Originally a bewildering puzzle, Louis’ anxiety had become a collection of symptoms constituting a disease or disorder. He had discovered meanings for his diagnosis, based on the DSM-5 categories that he found online. This shift gave him a sense of relief: he had a set of terms for what was wrong.

“The problem,” continued Louis, “is that since I googled ‘panic disorder’, I haven’t been able to go to shopping centres or to crowded places because I’ve been worried about having another panic attack. Whenever something bothers me I’ve started checking my pulse to make sure my heart isn’t going too fast, and I worry I’m starting to feel dizzy.”

What makes the diagnosis of an anxiety disorder different from other medical diagnoses is how anxiety can feed itself. Worrying about cancer doesn’t make the cancer worse. Worrying about having an anxiety attack, however, leads to more anxiety. The assignation of generalised anxiety disorder and panic disorder led to Louis being constantly alert to the physiological cues that he may be about to have another panic attack. It induced in him a fear of fear.

Anxiety-as-disease is treated much like an infection, as if the symptoms were a bacterium that should be eradicated. The diagnosis, and treatment via medication, reduces anxiety to a set of bodily mechanisms that is uniform across individuals. This uniformity elides any subjective or meaningful aspects. The question of why someone is anxious need not be asked.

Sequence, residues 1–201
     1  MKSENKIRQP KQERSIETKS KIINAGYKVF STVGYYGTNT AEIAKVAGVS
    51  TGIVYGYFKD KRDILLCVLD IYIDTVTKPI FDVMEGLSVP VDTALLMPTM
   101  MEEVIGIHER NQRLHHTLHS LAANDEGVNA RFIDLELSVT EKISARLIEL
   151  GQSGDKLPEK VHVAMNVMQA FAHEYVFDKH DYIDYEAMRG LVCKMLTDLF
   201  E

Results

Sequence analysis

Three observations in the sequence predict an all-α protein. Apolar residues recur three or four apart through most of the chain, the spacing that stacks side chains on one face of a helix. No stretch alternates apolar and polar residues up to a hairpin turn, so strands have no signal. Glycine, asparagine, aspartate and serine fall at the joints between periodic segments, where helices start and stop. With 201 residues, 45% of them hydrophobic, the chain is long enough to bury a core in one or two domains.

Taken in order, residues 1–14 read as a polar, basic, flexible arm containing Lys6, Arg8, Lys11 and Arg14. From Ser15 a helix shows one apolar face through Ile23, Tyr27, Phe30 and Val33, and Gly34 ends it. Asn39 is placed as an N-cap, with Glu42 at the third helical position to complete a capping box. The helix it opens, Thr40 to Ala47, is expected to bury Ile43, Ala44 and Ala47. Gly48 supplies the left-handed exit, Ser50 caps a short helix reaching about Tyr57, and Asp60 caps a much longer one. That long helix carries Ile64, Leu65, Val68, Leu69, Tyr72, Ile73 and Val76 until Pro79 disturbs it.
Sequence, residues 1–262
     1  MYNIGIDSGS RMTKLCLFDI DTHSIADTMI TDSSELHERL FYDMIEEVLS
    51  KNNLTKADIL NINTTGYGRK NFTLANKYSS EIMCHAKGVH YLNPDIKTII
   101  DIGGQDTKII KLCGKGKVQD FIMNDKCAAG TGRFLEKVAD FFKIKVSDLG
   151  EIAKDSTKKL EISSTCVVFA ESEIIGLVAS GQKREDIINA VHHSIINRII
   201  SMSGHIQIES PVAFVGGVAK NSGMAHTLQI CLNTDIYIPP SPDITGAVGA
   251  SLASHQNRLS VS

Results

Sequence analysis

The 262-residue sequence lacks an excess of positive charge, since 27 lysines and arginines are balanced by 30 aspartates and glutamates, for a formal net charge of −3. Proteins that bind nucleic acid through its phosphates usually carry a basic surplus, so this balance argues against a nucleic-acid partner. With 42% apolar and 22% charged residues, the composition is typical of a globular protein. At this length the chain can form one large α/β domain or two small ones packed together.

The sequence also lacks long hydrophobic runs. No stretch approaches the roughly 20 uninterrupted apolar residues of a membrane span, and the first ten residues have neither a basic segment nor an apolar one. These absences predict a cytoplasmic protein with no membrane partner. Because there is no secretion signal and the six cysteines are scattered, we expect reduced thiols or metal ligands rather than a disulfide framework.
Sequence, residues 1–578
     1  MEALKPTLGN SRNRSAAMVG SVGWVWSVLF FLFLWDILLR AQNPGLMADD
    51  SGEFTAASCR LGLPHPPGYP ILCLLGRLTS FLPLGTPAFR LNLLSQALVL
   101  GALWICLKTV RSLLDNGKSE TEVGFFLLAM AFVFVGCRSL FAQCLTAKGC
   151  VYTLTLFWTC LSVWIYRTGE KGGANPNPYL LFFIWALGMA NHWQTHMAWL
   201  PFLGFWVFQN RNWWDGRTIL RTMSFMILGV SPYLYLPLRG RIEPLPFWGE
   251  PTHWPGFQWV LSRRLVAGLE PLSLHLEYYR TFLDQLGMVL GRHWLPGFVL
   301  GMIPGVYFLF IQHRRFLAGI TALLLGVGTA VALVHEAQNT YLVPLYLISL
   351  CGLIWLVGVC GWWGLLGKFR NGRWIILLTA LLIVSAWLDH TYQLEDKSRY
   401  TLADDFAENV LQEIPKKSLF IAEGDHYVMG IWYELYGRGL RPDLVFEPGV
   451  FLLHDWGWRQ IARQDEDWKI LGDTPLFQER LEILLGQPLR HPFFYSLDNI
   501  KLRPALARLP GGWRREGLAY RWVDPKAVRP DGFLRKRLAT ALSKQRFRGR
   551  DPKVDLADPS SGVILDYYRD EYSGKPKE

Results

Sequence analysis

The British Psychological Society’s Division of Clinical Psychology (DCP) has noted that “serious concerns have been raised about the increasing medicalisation of distress and behaviour in both adults and children”. The DCP has called for a paradigm shift away from the disease model of diagnosing mental disorders. Among other problems, the DCP points to an over-reliance on medication.

Towards the end of Louis’ consultation I asked him to tell me about his very first panic attack. “Well, we had just returned from holidays overseas and I was going back to school – Year 11 – in a day or two. Coming off the plane, I looked down from the top of the stairs. It was a very sunny day and the light hurt my eyes. When I was walking across the tarmac I started feeling really bad. It said somewhere on the web that fear of open spaces is part of it … and when we were in getting our bags I just found the hordes of people too much … I read somewhere that fear of crowds is part of it too …”

I asked Louis about Year 11. “I was thinking about death a lot. I had no idea what subjects to do. So, Mum chose them for me and I just went along to the classes on the timetable.” I asked Louis why he had studied commerce. He struggled to answer. “I don’t really have a why … Mum and Dad are both business people, and they insisted I go to university …”

At this point Louis became upset and said, accusingly, “You’re saying I’m anxious because I’ve never really thought about what it is I want to do with my life.”

“Louis,” I replied, “you studied a commerce degree, and work in a merchant bank, and you’ve got agoraphobia: literally, fear of the marketplace.”

From a dizzying array of choices and events, people make a narrative of their life. This narrative is the glue that gives life consistency and stability, and anxiety is the feeling often evoked when this narrative is disrupted. Suppressing his symptoms, rather than questioning their source, enabled Louis to get on with a life he wasn’t sure he wanted to lead.

* Name has been changed.

Michael Currie

Michael Currie is a psychoanalyst and clinical psychologist. He is the author of Doing Anger Differently.

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May 2016